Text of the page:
When it comes to the racing, there are a lot of things one could say Formula One needs—more vehicles capable of winning a race without everyone else breaking down or vanishing into thin air, less predictability, closer racing, and, of course, more passing. The good news is, the folks at F1 think that last one may improve this year.
They’re not talking small improvements, either. Motorsport.com reports that F1 thinks overtaking numbers could increase by 50 percent in some races, based on simulations its technical folks have run on the new aerodynamics regulations.
The lack of overtaking in F1 has been a big deal in recent years, especially the dismal 2017 season, when the average number of overtakes per race was half of what it was the year before. But F1 introduced regulations for simplified aero for this year in hopes of changing that, in addition to its existing Drag Reduction System to help overtaking, and simulations show that it may just work.
Motorsport.com cited the FIA’s Auto magazine in quoting the FIA’s head of single-seater technical matters since last year, Nikolas Tombazis, about the simulations. Here’s what he said, from the story:
“Some simulations were showing a +10% increase of overtaking, assuming a similar evolution of a race, of course.
“In other races the same simulations expect a more sizeable increase, possibly to the tune of +50%.
“That’s the feedback we’ve had so far, but it will really only become clear as we progress through the season.
“We weren’t expecting miracles in round one at Australia, but generally we are expecting a step in the right direction as far as aerodynamics are concerned.”
There don’t appear to be comprehensive overtaking numbers for the 2018 F1 season online, but the 2017 season was when things really didn’t look great. Pirelli announced that there had been 435 overtakes that year, or an average of 21.8 overtakes per race.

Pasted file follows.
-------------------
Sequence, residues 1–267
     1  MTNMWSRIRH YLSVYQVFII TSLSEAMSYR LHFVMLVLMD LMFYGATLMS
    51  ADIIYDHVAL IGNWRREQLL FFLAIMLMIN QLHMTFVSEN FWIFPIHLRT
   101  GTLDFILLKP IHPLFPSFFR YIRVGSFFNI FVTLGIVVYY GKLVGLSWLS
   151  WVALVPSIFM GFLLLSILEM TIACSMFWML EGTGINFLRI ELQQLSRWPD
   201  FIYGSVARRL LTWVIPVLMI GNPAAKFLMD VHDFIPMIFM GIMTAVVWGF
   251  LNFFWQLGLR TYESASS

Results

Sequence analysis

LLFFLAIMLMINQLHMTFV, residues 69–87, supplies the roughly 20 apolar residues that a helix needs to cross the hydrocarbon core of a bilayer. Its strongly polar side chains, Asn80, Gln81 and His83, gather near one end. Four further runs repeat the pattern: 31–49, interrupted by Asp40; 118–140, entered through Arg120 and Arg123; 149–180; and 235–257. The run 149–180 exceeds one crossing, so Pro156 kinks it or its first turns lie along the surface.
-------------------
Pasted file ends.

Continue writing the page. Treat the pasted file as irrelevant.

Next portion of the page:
Combined with Autosport data from 2001 through 2016, the numbers from 2017 were the worst they’d been since the introduction of DRS in 2011. But two years later, aero regulations have undergone a slight overhaul to try to trend those numbers back upward.
The 2019 aero regulations in F1 include simpler front and rear wings as well as a simpler design on the front brake ducts, meant to make the racing less spread out. The series is two races into a 21-race season—the opening Australian Grand Prix, which isn’t an easy track to overtake on regardless of aerodynamics, and the Bahrain Grand Prix, which was fun to watch for more than just the passing and extra DRS zone. Given that we haven’t seen much racing yet, it’s hard to gauge how much of an impact the new rules have had.
But there are 19 races to go this year, meaning we have a lot of time to see—and hopefully enjoy—just how much of an impact these rules may have.